To me, Dead Dog EP seems to be a project detailing a particular timeframe that featured a lot of low moments for yourself, with it’s closer ‘Laying in the Road’ seemingly concluding that part of your life. Are you in a better state of mind these days? Are we going to witness another shift in sound for Howlie? “In a lot of ways, my life is on this steady rise of positivity and improvement. It’s actually been a little tough writing new material because nothing lousy is going on. From a chronological standpoint, you’re right in thinking that “Laying In the Road” is covering the tail end of a significant chapter of my life, but I don’t think that that door is closed for future inspiration. I kind of touched on this earlier, but the bad times in my life are a constant source of inspiration. I’d say they’re the source of inspiration. I still feel like there’s so much to write about. I’m not too picky about where the muse comes from or how expired the subject matter is as long as I can deliver it in a fresh way, and I feel like I do!
As for whether or not there might be another shift in sound, it’s hard to say. I can almost say for certain that I will never write a happy song. I’ve been trying for close to 12 years and have gotten some fleeting attempts, but once I let them sit and I listen to them a few days later I practically cringe. I think it’s good to know one’s place in the music world, and playing to one’s strengths in a way that doesn’t become stale is key. All these songs on Dead Dog are about the same old sorrows, but all they needed was a fresh sound to give them a new shine. I don’t think I’ll stray too far from the established Howlie formula, I get so much enjoyment out of it. I think dabbling in similar lofi genres will happen eventually, but I want to ensure that I take my time exploring and simply writing the most genuine tunes I can.”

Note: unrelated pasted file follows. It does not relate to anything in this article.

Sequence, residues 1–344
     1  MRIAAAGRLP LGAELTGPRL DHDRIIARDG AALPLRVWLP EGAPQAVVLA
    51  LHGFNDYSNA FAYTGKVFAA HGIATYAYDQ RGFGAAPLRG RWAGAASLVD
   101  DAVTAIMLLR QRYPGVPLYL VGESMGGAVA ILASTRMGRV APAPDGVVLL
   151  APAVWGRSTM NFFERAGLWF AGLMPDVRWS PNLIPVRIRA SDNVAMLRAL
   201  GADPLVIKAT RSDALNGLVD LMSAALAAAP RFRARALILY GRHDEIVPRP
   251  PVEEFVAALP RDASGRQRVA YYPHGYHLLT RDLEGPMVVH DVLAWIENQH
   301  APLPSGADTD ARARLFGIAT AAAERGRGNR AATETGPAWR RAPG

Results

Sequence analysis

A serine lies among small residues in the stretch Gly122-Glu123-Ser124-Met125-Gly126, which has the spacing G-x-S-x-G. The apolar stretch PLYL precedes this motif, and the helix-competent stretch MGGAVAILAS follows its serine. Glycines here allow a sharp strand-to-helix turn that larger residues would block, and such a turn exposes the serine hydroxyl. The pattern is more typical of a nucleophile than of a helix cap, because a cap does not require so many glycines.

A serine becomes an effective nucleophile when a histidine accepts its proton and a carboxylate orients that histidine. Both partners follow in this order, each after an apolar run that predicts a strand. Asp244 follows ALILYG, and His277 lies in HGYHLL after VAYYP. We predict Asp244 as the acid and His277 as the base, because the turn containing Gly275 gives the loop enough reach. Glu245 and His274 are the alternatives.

And finally, if you could close out this interview, what would you say? “I just want to say thanks to you for putting Howlie Week together. It’s still kind of unreal to me that someone who doesn’t owe me anything or doesn’t feel any obligations would give me a platform to celebrate my first EP for a week on their website. When I click on the Sounds Good site and see me there or see people sharing the articles in my social media newsfeed, it’s kind of crazy to think I made something worth sharing. Not only showcasing the tunes exclusively with you, but being able to go into each track’s conception has left me elated. It’s every songwriter’s dream to be able to have that outlet. As it always is, it’s been a real pleasure, Adam!”
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I would just like to thank Howlie for not only trusting me and this tiny music blog enough but for also getting as involved as he did with Howlie Week. It wouldn’t have been half as good if it wasn’t for all of the images, comments, context and wonderfulness he provided to help me make the content as good as his music. So thanks mate, I really hope we get together to do something similar again in the near future.
I’d also like to thank all of YOU for supporting this past week as much as you have. It’s been a humbling experience knowing that if you put in the effort (and sprinkle it with good music) that people are gonna appreciate that. Howlie Week has been easily the most popular week this blog’s ever had and that’s all down to you, so thank you. I’m a little sad to have it end but next week we return to normal and continue writing good words about great music. See ya then.